Saturday, December 05, 2009

Really bad trips

There some pretty obvious consequences of recreational drug use, including physically debilitating consequences. Typical consequences are usually thought to be the result of chronic use, addiction and/or overdose. (Check out "Faces of Meth.") There are, however, less typical examples of the consequences of drug use.

The first example that I found quite interesting is hallucinogen persisting perception disorder (HPPD), which sounds like it could be extremely inconvenient. After as little as a single dose of LSD, psilocybin or related hallucinogenic drugs, symptoms of visual aberrations persist. Hallucinating for the rest of your life takes the fun out hallucinations. Sufferers of HPPD also can distinguish what is a hallucination and what is real ie. they have pseudohallucinations, which sounds even less fun.

The second example involves a illicit synthetic opiate drug called (1-methyl-4-phenylpiperidin-4-yl) propanoate (MPPP).
From an article in TIME magazine:
When George Carillo arrived at the Santa Clara Valley Medical Center in San Jose one steamy July day in 1982, he seemed more a mannequin than a man. The 42-year-old heroin addict was bent over and twisted, drooling and unable to speak; almost every muscle was immobilized. No one knew what to make of his condition, so a call went out for Dr. J. William Langston, the hospital's chief neurologist. Langston took one look and was amazed. Carillo's symptoms suggested that he had been suffering for at least a decade from Parkinson's disease, a nervous system disorder that causes tremors and a gradual loss of mobility. But that hardly seemed plausible: Parkinson's rarely strikes anyone under the age of 50.

Using stiffened fingers to scrawl answers to doctors' questions, Carillo managed to provide a few clues. The symptoms had come on suddenly after he and his girlfriend, Juanita Lopez, 3l, had tried a new synthetic heroin. Though the drug had caused an odd burning sensation when injected and hallucinations, they continued to use it for three days; two days later both had frozen into living statues.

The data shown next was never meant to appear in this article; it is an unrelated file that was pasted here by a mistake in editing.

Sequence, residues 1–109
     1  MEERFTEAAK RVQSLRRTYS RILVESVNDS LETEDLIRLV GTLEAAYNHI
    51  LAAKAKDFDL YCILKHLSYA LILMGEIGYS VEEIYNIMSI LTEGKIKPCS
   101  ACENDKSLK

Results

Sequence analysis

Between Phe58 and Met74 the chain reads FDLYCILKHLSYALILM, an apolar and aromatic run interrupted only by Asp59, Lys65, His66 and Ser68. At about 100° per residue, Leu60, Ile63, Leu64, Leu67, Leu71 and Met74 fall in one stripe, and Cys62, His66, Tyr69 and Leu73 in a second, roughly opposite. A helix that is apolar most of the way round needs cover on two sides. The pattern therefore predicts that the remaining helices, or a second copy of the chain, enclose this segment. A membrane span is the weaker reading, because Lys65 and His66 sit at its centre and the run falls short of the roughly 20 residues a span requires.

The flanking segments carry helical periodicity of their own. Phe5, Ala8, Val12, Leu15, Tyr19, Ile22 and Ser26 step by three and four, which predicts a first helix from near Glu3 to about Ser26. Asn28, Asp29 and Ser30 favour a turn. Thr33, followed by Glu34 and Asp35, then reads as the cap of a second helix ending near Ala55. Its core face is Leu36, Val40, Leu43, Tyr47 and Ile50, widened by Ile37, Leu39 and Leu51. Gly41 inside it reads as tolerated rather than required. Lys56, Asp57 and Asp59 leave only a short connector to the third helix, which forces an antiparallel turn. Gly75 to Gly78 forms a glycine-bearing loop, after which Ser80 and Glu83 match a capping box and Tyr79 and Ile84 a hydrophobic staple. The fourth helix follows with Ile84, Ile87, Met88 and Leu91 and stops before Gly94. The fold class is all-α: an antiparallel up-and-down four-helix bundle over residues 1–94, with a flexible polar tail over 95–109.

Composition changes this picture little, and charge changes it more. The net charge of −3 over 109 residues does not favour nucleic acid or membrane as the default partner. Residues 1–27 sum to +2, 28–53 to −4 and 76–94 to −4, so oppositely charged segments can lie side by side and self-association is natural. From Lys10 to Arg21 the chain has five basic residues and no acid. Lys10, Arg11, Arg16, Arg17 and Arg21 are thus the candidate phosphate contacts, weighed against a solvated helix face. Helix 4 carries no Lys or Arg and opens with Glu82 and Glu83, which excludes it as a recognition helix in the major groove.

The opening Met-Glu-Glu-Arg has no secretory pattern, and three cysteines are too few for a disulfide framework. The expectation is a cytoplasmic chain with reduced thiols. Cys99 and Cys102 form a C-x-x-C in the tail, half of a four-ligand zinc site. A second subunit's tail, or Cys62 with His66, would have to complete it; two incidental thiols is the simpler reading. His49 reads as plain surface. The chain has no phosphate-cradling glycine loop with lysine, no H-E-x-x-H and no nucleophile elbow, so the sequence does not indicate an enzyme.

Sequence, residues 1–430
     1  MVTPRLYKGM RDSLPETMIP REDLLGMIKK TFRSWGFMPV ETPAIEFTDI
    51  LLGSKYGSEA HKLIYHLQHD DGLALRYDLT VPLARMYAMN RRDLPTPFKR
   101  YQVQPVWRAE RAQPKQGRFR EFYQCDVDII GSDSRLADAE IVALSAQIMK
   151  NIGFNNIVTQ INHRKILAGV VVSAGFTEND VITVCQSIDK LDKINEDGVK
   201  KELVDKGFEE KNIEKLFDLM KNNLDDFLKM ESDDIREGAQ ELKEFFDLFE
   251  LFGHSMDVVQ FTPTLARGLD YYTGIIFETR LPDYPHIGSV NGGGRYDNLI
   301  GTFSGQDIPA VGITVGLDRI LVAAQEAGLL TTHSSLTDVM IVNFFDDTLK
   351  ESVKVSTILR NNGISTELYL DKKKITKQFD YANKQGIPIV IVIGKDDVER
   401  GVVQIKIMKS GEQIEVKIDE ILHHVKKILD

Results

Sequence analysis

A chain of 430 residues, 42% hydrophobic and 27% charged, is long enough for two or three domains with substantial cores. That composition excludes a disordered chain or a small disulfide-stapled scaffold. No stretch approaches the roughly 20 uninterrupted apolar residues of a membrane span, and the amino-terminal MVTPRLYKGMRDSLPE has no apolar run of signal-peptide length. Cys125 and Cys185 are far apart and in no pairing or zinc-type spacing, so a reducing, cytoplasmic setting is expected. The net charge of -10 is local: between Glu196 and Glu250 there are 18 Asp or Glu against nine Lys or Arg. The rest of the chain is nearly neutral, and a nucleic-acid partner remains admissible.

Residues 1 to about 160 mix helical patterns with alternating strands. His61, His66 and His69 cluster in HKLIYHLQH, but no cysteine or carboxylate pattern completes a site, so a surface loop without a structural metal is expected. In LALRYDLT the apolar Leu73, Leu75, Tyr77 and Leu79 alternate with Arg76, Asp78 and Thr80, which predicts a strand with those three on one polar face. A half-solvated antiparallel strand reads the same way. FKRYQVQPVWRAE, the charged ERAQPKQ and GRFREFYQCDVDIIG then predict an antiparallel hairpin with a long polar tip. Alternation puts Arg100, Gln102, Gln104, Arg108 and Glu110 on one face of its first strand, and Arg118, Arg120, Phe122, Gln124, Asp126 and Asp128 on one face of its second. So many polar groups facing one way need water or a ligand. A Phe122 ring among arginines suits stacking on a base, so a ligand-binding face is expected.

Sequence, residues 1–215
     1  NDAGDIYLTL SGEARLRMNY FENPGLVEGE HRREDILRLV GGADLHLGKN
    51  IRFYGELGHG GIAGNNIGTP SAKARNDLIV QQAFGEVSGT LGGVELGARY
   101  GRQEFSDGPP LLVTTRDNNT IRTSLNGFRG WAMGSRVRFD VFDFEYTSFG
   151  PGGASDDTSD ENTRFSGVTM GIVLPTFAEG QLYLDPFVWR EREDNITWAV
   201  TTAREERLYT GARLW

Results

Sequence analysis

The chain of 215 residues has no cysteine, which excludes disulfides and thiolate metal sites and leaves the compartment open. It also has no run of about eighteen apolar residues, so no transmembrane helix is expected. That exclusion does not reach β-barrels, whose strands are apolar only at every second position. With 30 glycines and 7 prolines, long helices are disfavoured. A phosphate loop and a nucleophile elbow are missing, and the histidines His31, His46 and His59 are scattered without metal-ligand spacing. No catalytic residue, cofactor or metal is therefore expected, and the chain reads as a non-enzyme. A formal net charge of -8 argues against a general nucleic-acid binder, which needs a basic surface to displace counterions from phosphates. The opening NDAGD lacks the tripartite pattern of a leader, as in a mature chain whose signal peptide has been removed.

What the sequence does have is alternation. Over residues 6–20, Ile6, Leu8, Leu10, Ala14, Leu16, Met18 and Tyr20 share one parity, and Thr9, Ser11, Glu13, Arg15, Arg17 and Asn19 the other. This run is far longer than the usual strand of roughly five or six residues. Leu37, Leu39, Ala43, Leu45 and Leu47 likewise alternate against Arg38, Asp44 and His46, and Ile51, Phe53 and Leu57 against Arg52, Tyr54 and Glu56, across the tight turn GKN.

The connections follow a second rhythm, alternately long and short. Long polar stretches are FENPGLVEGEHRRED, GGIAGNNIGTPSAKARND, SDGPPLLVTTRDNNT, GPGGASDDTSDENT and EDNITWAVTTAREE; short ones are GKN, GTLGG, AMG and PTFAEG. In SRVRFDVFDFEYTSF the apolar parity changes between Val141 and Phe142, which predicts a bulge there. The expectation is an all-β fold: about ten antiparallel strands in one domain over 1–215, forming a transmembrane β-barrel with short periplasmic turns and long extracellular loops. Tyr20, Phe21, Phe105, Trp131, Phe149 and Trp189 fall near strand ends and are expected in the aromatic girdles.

During the manufacture of MPPP the related MPTP can be accidentally produced. MPTP in the body is converted to a neurotoxin which is selectively causes neuronal death in dopaminergic cells. This selective toxicity causes the hallmark Parkinson's symptoms. This drug has been now used extensively to study Parkinson's and create animals models of this terrible disease. It also hints that an environmental toxin may contribute strongly to early onset Parkinson's. The possible causes of Parkinson's is extremely interesting and warrants a separate post.

There is a book available, "Case of the Frozen Addicts" and a NOVA documentary of the same name about MPTP victims. There are at least 3o0 people in California who have used this drug. I can't find a download or streaming of the NOVA episode unfortunately.
Of course, medically prescribed drugs can have some extremely bad permanent effects, but hopefully in that case there is a professional who knows the drugs and what to look out for. Also recreational drugs are done on a self dosing schedule and, especially in the case of addition and/or dependence, one might loose perspective on symptoms of damage and subsequently an appropriate dose.


mathematix said...

These drugs are really dangerous: even writing about them can already cause mild forms of dyslexia, as judged by the number of syntax errors in the post ;-)

Bayman said...

I'm all for the right to self-medication.

Just do your homework. Get yourself a Merck manual or something. Avoid things associated with words like "neurotoxin".

I don't think I agree with your implied suggestion that the root of these problems is lack of doctor supervision - at the end of the day the individual is responsible for deciding what goes into their body, prescription or not. Some doctors and drug companies are pushing nasty stuff too so you shouldn't just swallow everything they give you either.

Kamel said...

Get yourself a Merck manual... some drug companies are pushing nasty stuff...

There's some irony there. You know why it's called the Merck manual, right? :)

Bayman said...

True. Let me specify the one with the hard-core chemistry secrets, not the the home remedy thing they sell...

Bayman said...

Yeah my mistake...the Merck INDEX was actually what I had in mind there...sorry if anyone just went out and bought the wrong one on my advice...HA!

Anonymous said...

I think that you could really ruin a drug experience for someone by explaining to them that their hallucinations might not go away.

Chanly Chan said...

Or save them from ruining the rest of their lives with unpleasant hallucinations.
You know.
Different strokes for different folks.

On the other hand, despite sintax and grammatical errors I see nothing wrong with the advice to EDUCATE YOURSELF.